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County settles on land for future arts center in Reston

The arts center could be located on Block J in Reston Town Center (via Fairfax County)

The location of Reston’s future arts center is officially inching closer to realization.

At a Fairfax County Board of Supervisors’ meeting today (Tuesday), Hunter Mill District Supervisor Walter Alcorn introduced a board matter selecting Block J — near the intersection of Sunset Hills Road and Town Center Parkway — as the location for nearly 60,000-square-foot future arts center.

So far, the county has determined that the block is the most appropriate location for the arts center. It’s part of proffers in Boston Properties’ development plans. The land could have been used as a park or a ball field.

The cost of the project is expected to be hefty — hovering between $58 million in current dollars and $81 million accounting for inflation. 

“This process clearly established that the arts center option is not only feasible, but it is clearly superior to the alternatives offered in the proffer,” Alcorn said in the board matter.

The center would be located across the street from the Reston Town Center Metro Station, fulfilling land use and transportation goals, according to the board matter.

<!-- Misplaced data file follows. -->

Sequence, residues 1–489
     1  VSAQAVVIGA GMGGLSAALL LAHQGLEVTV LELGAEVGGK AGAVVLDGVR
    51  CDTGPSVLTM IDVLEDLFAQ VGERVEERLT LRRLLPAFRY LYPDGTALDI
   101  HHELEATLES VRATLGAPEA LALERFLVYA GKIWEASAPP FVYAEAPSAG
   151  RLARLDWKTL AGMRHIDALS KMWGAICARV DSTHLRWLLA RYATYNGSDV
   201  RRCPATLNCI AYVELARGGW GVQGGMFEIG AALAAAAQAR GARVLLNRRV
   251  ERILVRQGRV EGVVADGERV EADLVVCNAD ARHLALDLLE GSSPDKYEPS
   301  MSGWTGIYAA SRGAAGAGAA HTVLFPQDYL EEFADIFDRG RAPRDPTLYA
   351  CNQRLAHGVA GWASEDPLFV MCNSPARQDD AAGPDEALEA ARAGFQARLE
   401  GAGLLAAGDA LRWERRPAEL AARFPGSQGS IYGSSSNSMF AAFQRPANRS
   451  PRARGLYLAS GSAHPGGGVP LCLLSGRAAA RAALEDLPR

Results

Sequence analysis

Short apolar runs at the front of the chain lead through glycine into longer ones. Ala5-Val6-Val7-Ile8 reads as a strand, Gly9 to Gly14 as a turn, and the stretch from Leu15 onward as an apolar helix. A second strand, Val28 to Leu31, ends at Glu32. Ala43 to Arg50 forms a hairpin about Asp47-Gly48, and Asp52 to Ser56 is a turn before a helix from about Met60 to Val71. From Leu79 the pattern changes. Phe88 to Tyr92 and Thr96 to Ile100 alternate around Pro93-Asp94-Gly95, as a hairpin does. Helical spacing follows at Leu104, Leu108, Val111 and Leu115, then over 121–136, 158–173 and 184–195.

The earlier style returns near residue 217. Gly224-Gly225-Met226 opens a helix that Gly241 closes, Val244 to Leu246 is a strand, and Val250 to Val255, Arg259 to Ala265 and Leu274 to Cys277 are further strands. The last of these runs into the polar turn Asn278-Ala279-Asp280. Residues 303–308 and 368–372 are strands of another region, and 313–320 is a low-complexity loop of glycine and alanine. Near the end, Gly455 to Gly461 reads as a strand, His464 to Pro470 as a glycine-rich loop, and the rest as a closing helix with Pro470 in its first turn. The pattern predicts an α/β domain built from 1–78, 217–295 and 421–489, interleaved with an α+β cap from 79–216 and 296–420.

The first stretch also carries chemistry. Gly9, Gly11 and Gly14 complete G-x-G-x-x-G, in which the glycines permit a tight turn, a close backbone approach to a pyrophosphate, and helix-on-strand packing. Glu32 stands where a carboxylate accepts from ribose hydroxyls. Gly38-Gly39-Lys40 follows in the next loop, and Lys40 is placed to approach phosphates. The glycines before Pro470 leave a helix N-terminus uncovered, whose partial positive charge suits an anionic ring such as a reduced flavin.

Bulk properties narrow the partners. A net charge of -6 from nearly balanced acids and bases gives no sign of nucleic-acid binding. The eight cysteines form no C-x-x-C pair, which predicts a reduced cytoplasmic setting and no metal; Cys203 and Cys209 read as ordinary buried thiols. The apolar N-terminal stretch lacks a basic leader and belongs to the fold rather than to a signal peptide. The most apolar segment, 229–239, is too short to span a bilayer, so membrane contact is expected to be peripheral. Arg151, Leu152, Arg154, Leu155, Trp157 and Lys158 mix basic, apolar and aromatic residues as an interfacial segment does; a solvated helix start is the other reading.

A survey in 2019 found that 68% of residents supported the idea of a larger performing center in Reston. While Reston Community Center has advocated for the venue, no determination has been made yet on who will operate it.

RCC hosted a series of meetings on the issue and conducted a feasibility study on the possibility of the center.

Alcorn noted that the board matter doesn’t address financing and other details of the plan, but RCC has indicated that Reston’s small tax district will not be used to pay for the project. A bond referendum would likely be used to pay for the project.

The board approved the measure to accept Block J as the location for a community arts center.

“Accepting this land is accepting it under the provision that it become an arts center, should financing be worked out,” Board of Supervisors Chairman Jeff McKay said. “If for some reason that changes, there are other avenues we could pursue in the future.”